The biggest question is are you going to rent or purchase a home. Secondly, how much money do you want to spend on a home.
Third, how much money and time do you want to spend on the commute from wherever you choose to live and the downtown area of Chicago.
From there you can begin to look at neighborhoods and home sizes.
Check out the metra lines website to see how much the current commuter fares are.
Also check out the CTA website to see what "L" trains serve these areas as well.
The CTA, for example, serves Oak Park, as mentioned in one of the responses, and some of the North Shore suburbs...
A big determinant of where you move would be schools I imagine, as well as other people you know and/or family...and ethnicities. Some places are more diverse than others, and some places are less diverse.
Typically, living close to the lake is more expensive.
And, the lake does moderate weather considerably.
Typically if you live within one mile of the lake, summer temperatures can be moderated by the cooler lake breezes... at times a lot, on the order of 20 degrees or so, but not if there is a strong western or southern wind. The reverse can hold true in the winter, when temperatures can be warmer near the lake, again depending on wind. And finally, the lake front can also have more snow and rain than other parts of the area.
Finally,expressway commutes can be beastly and time consuming. Chicago is one of the worst commute time cities in the country. If you're commuting a distance of 15 miles from a suburb to the city core, figure on spending an hour or so. and if you go further out, figure on more time. plus city parking rates are outrageous, and the city is in the process of selling it's parking meters and garages to independent companies so the costs will only increase.
Also eating lunch and snacks in the loop is really expensive, fast food lunches will cost between $5 and $10 and aren't all that healthy either. Starbucks tall coffees are $1.65 and up, so the little treat amenities can start to add up.
Finally, gasoline in the Chicago area is one of the highest in the nation, regular is currently going for $3.80 plus in the suburbs and is at $4.00 and above in the city.
Of course on the plus side we have the lake which pretty much assures a plentiful water supply, at least for now. And being in the center of the country does allow for air travel to be more convenient, with more connections and more direct flights from two airports.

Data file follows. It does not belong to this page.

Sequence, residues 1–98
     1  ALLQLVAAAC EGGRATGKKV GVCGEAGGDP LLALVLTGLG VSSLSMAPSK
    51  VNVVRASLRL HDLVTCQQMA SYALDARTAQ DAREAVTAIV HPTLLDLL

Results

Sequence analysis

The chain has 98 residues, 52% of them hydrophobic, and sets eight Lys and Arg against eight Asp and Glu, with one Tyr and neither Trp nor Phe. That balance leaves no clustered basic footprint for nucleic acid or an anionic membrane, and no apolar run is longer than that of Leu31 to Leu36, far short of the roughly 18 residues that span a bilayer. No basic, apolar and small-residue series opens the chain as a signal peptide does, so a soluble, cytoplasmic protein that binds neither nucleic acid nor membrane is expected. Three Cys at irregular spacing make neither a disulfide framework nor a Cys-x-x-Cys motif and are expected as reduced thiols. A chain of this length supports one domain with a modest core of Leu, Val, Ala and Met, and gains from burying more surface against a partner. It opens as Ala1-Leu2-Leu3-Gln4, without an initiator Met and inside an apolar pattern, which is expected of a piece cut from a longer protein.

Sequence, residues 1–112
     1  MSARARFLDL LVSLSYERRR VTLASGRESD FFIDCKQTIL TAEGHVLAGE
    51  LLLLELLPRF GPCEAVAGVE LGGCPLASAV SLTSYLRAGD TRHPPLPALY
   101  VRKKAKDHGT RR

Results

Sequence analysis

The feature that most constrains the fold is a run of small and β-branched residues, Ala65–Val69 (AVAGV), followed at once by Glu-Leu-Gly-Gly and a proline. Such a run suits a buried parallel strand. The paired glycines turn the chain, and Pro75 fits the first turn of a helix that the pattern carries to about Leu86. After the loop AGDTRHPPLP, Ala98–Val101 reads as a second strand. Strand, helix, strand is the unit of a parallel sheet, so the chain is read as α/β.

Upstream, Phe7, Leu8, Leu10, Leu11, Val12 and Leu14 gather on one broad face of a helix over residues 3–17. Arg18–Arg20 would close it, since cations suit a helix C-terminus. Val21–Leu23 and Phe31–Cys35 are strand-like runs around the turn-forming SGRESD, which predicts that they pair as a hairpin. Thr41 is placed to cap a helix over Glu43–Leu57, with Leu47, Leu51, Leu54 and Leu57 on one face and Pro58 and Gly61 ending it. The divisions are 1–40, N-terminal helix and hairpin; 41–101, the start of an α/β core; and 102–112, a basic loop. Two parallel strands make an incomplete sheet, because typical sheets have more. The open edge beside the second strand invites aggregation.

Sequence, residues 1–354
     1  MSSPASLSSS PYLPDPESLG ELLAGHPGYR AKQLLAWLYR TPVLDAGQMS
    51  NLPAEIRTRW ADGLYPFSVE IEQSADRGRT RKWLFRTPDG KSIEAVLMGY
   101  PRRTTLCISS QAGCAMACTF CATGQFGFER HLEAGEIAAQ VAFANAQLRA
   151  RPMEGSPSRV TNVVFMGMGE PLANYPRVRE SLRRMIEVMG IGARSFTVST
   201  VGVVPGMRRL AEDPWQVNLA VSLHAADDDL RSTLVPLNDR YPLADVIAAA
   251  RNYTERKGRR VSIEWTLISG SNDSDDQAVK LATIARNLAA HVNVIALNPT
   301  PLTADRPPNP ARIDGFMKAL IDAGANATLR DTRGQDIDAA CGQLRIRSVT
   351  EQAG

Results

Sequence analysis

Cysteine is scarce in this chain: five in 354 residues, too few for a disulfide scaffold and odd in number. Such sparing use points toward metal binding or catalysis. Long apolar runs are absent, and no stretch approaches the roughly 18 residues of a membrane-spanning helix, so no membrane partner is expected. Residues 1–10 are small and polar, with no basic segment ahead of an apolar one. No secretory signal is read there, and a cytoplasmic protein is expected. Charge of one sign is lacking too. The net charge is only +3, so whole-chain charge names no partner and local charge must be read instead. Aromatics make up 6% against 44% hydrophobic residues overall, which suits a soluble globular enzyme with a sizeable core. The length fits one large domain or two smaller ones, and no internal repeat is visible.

If you like getting to nature, then also figure spending at least an hour getting away from the city.
Take a look at Google Maps and you will see that Chicago and the surrounding areas are humongous.
Finally, a bit of advice about suburbs. Oak Park is sort of landlocked between a poorer section of Chicago and other suburbs.
For better or worse, the history of Chicago is that the more "upscale" suburbs have been located along the north lakeshore, and to some degree have spread out a bit west of the lake as well.
Small towns that used to be removed from the city have become part of the exurbia and there are actually people who commute 50 plus miles each day one way. Commute times, one way, are in the two hour range. And these small towns now have residents that commute to other small towns, sometimes at distances of 50 plus miles also, so at rush hour you have people going in all directions simultaneously.
Rush hour begins at 5:30 or 6 AM and lasts through 9:30 to 10AM, and then begins in earnest at 3:30 PM and lasts through 7PM or later...
If you like driving, the best time is early Sunday morning, when the Freeways are, well, actually free.
Finally, while Chicago has museums, they too have become expensive (figure on spending at least $100 for a family of 4) and theatre (it's possible to get tickets for $20 a seat, but unlikely), movies are now about $10 a ticket.
Choose where you live not for the glitz, but for the home feel that you prefer, and figure in the costs of getting around, and while we're on energy, electricity and natural gas need to be considered as well. Older homes are heating hogs in the winter and it's easy to spend $1500 to $2000 or more heating a 1800 square foot home.
Welcome to the Chicago!